Adding MediaWiki

I think of local wiki pages as my personalized online help pages.  How often have you written something down in a notebook, or worse, a scrap of paper, and then can’t find it again when you need to reference it?  MediaWiki is what WikiPedia uses, so most of you are probably already familiar with it.  Now that you have a local webserver operational, adding a wiki server to it should be fairly trivial.

tmike@tmike-HP-ENVY-m7-Notebook:~$ sudo apt install mediawiki php-gd
Reading package lists… Done
Building dependency tree
Reading state information… Done
Package mediawiki is not available, but is referred to by another package.
This may mean that the package is missing, has been obsoleted, or
is only available from another source

E: Package ‘mediawiki’ has no installation candidate

So it looks like we get to troubleshoot another packaging issue with 16.04.  For the faint of heart you might be wanting to fall back on 15.10 at this point, I recommend against it.  16.04 is LTS (long-term support) which means Canonical will support the 16.04 release far longer than it will support 15.10.  Also, this is probably a packaging issue that probably has an easy solution.  If the kernel was crashing or we were having problems with device drivers I might be singing a different tune.  The error message indicates that package mediawiki is not found in the repositories we are searching, so let’s see if we have all of the repos selected.  The easiest way to do this is with Synaptic Package Manager (remember the 1-2-3 punch after initial installation?).

Go to Settings | Repositories and look at the first two tabs and make sure everything is checked.  The first tab is for Ubuntu Software and the second tab is for Other Software.

So now we check with Dr. Google and see if this issue has already been seen in the wild.  It has been seen, basically Canonical has dropped MediaWiki from it’s repositories with 16.04.  Equally disappointing is that the documentation page maintained by Canonical is not updated to reflect reality, circa 16.04.

There are two Dr. Google hits of interest, not surprisingly one is from the MediaWiki site and one is from the Ubuntu help site.


Both pages reference files that you aren’t likely to have on your system after a clean install of 16.04.  This is a good place to describe difference between a tarball and a binary package file.  The MediaWiki page suggests downloading the latest MediaWiki tarball from their project page and extracting it into your web directory, wherever that is.  Further down it discusses configuring apache2 and editing this file:  /etc/mediawiki/apache.conf.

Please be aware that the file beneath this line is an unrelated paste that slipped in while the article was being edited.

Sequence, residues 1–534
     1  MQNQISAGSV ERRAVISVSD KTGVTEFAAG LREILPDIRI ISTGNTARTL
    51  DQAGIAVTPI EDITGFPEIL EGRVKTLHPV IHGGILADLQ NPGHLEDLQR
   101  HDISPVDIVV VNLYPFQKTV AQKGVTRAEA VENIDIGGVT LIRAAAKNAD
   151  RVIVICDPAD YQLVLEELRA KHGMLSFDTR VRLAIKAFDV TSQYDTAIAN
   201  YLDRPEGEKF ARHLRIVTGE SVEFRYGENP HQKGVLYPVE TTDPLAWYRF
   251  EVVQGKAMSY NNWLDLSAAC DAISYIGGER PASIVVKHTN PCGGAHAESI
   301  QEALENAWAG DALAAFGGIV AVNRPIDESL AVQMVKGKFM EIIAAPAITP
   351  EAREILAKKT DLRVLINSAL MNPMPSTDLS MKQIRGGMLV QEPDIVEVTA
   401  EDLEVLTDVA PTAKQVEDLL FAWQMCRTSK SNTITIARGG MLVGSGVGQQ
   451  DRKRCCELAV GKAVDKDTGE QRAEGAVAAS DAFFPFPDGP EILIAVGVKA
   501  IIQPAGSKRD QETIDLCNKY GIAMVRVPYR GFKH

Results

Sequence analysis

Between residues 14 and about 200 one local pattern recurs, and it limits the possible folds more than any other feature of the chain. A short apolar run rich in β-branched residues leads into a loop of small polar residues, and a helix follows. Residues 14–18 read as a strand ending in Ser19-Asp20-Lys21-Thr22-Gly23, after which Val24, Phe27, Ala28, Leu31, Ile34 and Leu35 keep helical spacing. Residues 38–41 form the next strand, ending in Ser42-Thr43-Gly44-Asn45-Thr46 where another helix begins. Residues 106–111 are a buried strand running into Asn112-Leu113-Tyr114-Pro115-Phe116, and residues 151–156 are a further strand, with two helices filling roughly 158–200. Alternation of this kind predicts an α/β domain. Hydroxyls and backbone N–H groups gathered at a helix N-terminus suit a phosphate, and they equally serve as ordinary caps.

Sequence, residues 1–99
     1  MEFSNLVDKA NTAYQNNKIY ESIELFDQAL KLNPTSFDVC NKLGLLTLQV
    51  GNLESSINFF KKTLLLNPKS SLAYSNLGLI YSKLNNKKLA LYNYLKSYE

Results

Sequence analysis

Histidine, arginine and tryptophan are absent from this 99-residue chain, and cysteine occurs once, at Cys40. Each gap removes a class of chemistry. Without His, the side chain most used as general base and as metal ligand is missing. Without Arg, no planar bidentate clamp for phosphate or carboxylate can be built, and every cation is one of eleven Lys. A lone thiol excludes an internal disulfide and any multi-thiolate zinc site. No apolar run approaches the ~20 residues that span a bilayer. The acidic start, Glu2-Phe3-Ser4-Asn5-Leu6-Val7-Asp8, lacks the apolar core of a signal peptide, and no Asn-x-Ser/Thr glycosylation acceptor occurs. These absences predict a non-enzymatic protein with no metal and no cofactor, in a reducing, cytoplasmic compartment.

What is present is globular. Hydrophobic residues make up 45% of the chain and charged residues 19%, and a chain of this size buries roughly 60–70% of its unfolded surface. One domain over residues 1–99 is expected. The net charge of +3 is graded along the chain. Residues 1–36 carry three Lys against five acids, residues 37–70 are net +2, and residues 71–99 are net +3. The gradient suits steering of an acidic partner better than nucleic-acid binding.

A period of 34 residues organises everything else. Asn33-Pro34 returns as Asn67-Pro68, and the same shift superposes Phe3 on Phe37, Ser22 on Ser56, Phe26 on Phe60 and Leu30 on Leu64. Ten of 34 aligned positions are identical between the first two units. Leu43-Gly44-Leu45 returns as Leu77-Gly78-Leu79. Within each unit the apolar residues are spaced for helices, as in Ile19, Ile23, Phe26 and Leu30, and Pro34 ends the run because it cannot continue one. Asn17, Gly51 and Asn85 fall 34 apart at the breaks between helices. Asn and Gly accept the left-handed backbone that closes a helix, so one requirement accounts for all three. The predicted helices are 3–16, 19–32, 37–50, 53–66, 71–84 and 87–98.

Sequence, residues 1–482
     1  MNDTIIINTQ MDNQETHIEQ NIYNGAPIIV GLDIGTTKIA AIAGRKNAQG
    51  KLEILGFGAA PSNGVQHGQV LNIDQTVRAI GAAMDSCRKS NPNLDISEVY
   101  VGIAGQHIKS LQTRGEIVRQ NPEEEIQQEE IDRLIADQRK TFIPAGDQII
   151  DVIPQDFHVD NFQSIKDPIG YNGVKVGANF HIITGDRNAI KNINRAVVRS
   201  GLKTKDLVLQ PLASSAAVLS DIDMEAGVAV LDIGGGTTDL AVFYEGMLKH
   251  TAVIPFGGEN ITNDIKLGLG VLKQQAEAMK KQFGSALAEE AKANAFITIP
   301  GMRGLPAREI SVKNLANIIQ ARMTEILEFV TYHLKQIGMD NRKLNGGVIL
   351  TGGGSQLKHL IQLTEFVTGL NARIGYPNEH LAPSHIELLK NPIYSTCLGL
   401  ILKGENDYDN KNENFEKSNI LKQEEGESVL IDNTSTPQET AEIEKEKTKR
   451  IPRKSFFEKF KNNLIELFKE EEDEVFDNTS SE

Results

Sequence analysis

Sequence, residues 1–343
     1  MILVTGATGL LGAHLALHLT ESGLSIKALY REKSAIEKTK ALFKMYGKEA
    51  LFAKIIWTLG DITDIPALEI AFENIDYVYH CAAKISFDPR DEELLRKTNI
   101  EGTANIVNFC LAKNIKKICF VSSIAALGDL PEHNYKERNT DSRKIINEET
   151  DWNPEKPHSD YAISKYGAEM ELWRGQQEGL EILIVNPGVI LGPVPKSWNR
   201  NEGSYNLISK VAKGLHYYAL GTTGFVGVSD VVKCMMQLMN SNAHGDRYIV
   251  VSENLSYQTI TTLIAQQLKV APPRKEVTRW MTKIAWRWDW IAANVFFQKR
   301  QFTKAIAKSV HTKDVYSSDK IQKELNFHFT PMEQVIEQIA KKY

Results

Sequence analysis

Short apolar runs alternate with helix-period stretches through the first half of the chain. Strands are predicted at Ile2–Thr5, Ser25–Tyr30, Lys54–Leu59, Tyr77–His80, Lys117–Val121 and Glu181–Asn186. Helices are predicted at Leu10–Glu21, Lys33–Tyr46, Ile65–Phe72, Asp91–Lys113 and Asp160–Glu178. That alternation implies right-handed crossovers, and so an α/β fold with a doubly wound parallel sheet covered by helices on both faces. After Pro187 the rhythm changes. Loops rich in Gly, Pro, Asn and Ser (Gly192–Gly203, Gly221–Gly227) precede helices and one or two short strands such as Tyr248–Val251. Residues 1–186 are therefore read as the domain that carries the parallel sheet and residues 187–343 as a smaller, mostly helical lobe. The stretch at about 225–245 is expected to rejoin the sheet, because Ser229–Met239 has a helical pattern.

A tarball is similar to a winzip file, when extracted it creates a directory tree.  The problem with following the MediaWiki instructions is that just extracting the tarball doesn’t configure anything and then referencing a file under /etc is fine, except it doesn’t exist.  So the instructions imply that apache needs to be made aware of MediaWiki, which makes sense, and the mechanism to do so is missing, the /etc configuration file.  You might try looking for apache.conf under the extracted tarball directory tree and you won’t find it, use these commands:

cd <extraction point> (e.g. /var/lib/mediawiki)

find . -name “*.conf” -print

This will list all of the files that were extracted from the tarball that end with .conf.

So a tarball is a collection of files in a hierarchy, which is similar to a binary package file, but a package file is so much more.  For one thing there can be multiple directory trees that get extracted, e.g., man pages, library files as well as executable files.  More importantly a packaging system allows scripts to run at various points, e.g. when a package is installed you can run a post-installation script to configure the package.  This is all hidden from the user by the software developer who creates and distributes the package file.  So when Canonical distributes a MediaWiki binary package there is a lot of configuration and testing that has gone into creating that package file.  Since the MediaWiki package file is no longer available for Ubuntu, it doesn’t make sense for us to pursue this wiki server on a 16.04 Ubuntu distribution.